Economic Snapshot | Health

Most states suffer large declines in employer-sponsored health coverage

By Elise Gould, with research assistance from Emily Garr  

The majority of states experienced significant declines in employer-sponsored coverage this decade. A new analysis of the under-65 population documents the variation in both the level and extent of coverage lost between 2000-01 and 2006-07. Forty-one states experienced significant losses in coverage across every region of the United States. South Carolina, Missouri, North Carolina, and Maryland experienced losses in excess of 7 percentage points, while no state experienced an increase. The interactive map below illustrates the loss in employer-sponsored coverage by state, accompanied by coverage of kids and workers.

Employer-sponsored health insurance coverage by state, under 65, 2000/01 to 2006/07

Printable version of map (PDF)

Among children, employer-sponsored health insurance losses exceeded 10 percentage points in Missouri, North Carolina, Wisconsin, and Iowa. In five states, less than half of children received health insurance from an employer (Mississippi, New Mexico, Texas, Arkansas, and Louisiana), while the highest rates of coverage were in New Hampshire (76.7%), Minnesota (71.4%), Connecticut (71.4%), and Massachusetts (71.0%).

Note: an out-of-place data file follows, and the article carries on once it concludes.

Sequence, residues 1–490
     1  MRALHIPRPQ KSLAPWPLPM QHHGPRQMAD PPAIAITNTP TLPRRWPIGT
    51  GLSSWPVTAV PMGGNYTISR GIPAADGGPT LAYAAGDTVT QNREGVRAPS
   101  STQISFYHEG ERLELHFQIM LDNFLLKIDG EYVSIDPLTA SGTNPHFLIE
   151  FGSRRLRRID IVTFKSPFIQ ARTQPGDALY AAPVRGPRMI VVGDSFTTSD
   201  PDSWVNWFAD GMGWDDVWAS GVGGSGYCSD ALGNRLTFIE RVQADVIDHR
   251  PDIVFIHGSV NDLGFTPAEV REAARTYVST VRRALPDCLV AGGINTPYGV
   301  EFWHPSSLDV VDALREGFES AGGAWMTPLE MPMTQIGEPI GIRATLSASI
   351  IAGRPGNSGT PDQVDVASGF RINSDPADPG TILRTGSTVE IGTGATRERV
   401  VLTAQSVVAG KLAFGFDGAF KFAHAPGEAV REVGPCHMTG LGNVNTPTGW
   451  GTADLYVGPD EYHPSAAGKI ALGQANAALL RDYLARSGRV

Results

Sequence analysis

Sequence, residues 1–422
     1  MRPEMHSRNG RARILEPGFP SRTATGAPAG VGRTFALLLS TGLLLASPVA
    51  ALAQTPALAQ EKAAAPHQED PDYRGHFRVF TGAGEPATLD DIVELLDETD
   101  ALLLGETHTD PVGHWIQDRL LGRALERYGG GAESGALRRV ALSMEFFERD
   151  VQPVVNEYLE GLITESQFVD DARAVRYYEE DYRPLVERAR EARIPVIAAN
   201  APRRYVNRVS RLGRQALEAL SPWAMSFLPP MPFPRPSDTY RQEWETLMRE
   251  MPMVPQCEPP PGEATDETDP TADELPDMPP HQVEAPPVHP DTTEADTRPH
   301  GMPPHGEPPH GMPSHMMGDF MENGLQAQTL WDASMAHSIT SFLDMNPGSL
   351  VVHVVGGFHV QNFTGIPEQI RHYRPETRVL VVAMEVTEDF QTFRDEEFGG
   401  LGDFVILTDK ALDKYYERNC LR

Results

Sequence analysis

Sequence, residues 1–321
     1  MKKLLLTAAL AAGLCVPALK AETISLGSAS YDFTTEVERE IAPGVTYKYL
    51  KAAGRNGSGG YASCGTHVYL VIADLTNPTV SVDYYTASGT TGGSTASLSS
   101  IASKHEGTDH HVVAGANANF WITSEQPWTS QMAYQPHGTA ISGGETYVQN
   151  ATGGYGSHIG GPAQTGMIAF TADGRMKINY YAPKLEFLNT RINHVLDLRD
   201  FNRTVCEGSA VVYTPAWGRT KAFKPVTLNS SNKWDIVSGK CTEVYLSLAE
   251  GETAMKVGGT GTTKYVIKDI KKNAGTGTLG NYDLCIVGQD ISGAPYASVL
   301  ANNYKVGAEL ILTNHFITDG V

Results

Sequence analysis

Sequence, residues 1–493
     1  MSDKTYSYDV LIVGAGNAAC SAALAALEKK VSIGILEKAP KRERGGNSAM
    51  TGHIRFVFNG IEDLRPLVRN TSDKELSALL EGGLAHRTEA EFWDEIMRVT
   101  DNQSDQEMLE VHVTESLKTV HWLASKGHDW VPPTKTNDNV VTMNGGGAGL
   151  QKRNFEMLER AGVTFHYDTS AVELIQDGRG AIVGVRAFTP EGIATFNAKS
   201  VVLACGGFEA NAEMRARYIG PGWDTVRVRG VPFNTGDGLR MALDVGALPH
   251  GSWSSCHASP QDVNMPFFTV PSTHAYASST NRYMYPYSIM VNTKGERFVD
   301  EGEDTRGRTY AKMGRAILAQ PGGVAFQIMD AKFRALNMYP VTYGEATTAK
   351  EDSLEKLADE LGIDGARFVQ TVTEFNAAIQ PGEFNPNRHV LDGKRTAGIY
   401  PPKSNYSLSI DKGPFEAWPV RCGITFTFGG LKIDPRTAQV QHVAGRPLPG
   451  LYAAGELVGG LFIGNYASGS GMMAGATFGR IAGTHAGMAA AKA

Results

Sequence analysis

Among workers insured through their own or a spouse’s job, the largest declines in coverage occurred in South Carolina and Colorado (7.6 and 7.2 percentage points, respectively). The state with the highest rate of employer-sponsored coverage among workers was Hawaii, a state that mandates employers to provide health insurance to workers who work at least 20 hours per week. Hawaii had a coverage rate in 2006-07 of 80.6%, compared to the national average of 70.9%.

The author would like to thank Sylvia Saab for her assistance on this Snapshot.

See also this companion Briefing Paper from the author.

Check out the archive for past Economic Snapshots.

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See more work by Elise Gould